Specialty Formalary
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It is used in the treatment of certain types of cancer, mostly metastatic breast cancer, acute myeloid leukemia, and non-Hodgkin's lymphoma. It was also shown to improve the survival of children suffering from first relapse of acute lymphoblastic leukaemia. The combination of mitoxantrone and prednisone is approved as a second-line treatment for metastatic hormone-refractory prostate cancer. This combination has been the first line of treatment, until recently, when combination of docetaxel and prednisone has been shown to improve survival and disease-free period. Mitoxantrone is also used to treat multiple sclerosis (MS), most notably the subset known as secondary progressive MS. Mitoxantrone will not cure multiple sclerosis, but is effective in slowing the progression of secondary progressive MS and extending the time between relapses in relapsing-remitting MS and progressive relapsing MS.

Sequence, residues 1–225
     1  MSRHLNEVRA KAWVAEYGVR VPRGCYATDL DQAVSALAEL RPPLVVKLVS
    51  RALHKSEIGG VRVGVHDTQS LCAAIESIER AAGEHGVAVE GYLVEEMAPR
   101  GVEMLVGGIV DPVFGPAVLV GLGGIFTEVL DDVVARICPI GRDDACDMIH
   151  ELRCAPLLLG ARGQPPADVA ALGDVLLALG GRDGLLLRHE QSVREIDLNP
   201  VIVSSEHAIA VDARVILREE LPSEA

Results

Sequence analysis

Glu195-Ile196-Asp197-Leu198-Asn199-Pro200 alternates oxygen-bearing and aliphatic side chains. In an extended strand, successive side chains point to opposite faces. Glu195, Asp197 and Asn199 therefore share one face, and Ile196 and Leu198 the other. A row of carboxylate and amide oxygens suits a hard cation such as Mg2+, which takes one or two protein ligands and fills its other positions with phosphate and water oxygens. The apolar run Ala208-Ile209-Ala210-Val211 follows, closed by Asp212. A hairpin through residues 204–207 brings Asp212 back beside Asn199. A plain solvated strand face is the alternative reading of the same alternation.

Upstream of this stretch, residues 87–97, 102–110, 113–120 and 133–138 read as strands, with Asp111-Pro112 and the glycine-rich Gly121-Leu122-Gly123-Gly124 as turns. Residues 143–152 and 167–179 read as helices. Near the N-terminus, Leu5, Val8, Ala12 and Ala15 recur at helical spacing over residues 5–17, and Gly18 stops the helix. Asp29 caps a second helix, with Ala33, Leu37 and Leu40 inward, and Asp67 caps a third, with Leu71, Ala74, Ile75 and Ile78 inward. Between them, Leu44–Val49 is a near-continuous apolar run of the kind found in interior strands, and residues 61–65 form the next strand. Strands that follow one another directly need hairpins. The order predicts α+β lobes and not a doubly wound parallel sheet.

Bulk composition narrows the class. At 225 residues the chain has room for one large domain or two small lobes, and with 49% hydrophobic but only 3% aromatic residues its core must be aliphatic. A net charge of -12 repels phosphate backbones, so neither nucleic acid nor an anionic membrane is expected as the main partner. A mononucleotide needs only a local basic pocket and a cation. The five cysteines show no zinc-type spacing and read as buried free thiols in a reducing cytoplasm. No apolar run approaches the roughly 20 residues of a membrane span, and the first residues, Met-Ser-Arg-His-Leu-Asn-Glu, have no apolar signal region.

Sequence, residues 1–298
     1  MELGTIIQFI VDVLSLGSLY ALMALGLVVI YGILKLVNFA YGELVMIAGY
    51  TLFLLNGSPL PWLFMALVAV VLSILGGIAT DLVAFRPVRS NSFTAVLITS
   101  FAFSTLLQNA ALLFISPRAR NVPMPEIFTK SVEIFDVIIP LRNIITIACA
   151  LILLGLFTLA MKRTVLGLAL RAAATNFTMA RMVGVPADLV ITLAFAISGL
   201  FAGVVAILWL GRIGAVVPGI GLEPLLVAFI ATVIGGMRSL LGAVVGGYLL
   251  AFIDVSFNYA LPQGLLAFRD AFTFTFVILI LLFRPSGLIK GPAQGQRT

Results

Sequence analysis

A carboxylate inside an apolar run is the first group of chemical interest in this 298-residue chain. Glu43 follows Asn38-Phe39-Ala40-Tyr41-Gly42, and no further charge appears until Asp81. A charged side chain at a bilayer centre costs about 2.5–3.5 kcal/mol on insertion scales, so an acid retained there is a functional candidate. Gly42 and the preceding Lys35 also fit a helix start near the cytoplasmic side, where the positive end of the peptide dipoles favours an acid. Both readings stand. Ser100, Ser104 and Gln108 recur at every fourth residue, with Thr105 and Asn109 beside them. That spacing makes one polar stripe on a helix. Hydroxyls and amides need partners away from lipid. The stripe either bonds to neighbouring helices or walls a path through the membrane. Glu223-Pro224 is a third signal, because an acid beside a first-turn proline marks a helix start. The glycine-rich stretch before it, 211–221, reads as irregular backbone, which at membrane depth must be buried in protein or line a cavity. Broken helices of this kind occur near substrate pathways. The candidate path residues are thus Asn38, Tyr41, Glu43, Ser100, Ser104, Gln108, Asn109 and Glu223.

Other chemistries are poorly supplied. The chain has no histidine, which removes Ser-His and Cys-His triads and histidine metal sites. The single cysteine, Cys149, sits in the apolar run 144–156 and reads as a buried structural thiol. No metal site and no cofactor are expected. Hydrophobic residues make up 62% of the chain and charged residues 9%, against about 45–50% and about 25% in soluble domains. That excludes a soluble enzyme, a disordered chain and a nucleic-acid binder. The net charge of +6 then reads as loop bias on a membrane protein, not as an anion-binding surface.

Adverse Effects: